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Stem Cells International
Volume 2016 (2016), Article ID 8270464, 11 pages
Research Article

In Vitro Expansion of Bone Marrow Derived Mesenchymal Stem Cells Alters DNA Double Strand Break Repair of Etoposide Induced DNA Damage

1Alexander B. Osborn Hematopoietic Malignancy and Transplantation Program of the West Virginia University Cancer Institute, Robert C. Byrd Health Sciences Center, West Virginia University School of Medicine, Morgantown, WV 26506, USA
2Department of Microbiology, Immunology and Cell Biology, Robert C. Byrd Health Sciences Center, West Virginia University School of Medicine, Morgantown, WV 26506, USA
3Department of Pathology, School of Medicine, West Virginia University, Morgantown, WV 26506, USA

Received 11 August 2015; Revised 22 November 2015; Accepted 25 November 2015

Academic Editor: Silvia Brunelli

Copyright © 2016 Ian Hare et al. This is an open access article distributed under the Creative Commons Attribution License, which permits unrestricted use, distribution, and reproduction in any medium, provided the original work is properly cited.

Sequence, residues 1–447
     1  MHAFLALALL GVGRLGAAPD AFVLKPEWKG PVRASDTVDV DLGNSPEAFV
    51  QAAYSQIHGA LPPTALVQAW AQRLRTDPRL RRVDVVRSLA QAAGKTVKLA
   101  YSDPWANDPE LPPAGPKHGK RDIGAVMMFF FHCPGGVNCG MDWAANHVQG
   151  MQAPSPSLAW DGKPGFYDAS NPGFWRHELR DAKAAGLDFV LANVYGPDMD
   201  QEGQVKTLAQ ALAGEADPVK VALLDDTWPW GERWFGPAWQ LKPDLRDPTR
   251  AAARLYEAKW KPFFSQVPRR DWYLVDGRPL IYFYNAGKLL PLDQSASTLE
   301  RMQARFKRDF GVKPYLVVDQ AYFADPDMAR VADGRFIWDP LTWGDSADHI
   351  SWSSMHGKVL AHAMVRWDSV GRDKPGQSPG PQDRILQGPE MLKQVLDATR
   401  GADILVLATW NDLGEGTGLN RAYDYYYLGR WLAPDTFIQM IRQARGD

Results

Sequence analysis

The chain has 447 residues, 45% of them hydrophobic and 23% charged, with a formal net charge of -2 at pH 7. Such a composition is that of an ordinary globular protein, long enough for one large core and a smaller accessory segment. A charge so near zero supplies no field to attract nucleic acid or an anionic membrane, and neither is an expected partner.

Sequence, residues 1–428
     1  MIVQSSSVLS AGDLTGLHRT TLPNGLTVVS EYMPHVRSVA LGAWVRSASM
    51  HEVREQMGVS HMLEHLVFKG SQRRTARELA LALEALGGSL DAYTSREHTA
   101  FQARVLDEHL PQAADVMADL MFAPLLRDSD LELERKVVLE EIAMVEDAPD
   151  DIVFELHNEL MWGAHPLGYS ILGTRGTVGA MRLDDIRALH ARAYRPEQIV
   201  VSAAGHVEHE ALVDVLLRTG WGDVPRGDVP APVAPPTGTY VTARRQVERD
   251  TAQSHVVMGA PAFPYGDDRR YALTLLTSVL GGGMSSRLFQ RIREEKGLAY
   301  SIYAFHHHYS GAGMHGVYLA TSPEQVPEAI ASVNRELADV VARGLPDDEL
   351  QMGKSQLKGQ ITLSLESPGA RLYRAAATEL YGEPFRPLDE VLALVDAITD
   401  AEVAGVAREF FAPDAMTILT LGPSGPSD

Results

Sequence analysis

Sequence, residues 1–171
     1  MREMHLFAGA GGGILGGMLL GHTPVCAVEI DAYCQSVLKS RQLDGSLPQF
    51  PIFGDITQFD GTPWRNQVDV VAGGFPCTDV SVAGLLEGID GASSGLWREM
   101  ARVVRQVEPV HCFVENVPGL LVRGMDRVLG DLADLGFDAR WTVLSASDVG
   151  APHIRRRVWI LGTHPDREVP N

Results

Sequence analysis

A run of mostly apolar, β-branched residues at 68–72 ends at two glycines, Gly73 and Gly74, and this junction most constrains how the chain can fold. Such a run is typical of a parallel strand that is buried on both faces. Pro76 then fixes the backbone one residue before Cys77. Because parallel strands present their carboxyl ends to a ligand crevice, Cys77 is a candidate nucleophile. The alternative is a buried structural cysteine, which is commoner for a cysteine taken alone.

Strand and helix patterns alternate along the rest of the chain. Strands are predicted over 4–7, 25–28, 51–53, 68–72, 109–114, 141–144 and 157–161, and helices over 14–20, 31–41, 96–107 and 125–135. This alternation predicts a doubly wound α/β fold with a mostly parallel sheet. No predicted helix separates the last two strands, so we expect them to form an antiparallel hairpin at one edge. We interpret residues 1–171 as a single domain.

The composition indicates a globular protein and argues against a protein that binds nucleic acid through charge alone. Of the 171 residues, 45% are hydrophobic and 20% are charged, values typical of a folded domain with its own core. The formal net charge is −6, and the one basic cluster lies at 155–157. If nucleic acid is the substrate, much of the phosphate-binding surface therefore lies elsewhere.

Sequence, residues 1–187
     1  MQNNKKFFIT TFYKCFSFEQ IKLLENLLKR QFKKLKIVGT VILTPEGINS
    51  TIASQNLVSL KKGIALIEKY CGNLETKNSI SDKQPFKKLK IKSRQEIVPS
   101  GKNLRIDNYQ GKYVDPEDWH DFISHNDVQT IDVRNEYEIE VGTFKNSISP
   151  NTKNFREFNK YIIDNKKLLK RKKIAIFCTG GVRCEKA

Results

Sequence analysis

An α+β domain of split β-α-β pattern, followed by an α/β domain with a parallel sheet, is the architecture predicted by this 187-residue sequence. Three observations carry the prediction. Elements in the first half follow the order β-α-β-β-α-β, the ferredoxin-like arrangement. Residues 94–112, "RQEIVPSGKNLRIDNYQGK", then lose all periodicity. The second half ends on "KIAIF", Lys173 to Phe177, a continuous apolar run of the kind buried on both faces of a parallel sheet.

Mesenchymal stem cells (MSCs) are of interest for use in diverse cellular therapies. Ex vivo expansion of MSCs intended for transplantation must result in generation of cells that maintain fidelity of critical functions. Previous investigations have identified genetic and phenotypic alterations of MSCs with in vitro passage, but little is known regarding how culturing influences the ability of MSCs to repair double strand DNA breaks (DSBs), the most severe of DNA lesions. To investigate the response to DSB stress with passage in vitro, primary human MSCs were exposed to etoposide (VP16) at various passages with subsequent evaluation of cellular damage responses and DNA repair. Passage number did not affect susceptibility to VP16 or the incidence and repair kinetics of DSBs. Nonhomologous end joining (NHEJ) transcripts showed little alteration with VP16 exposure or passage; however, homologous recombination (HR) transcripts were reduced following VP16 exposure with this decrease amplified as MSCs were passaged in vitro. Functional evaluations of NHEJ and HR showed that MSCs were unable to activate NHEJ repair following VP16 stress in cells after successive passage. These results indicate that ex vivo expansion of MSCs alters their ability to perform DSB repair, a necessary function for cells intended for transplantation.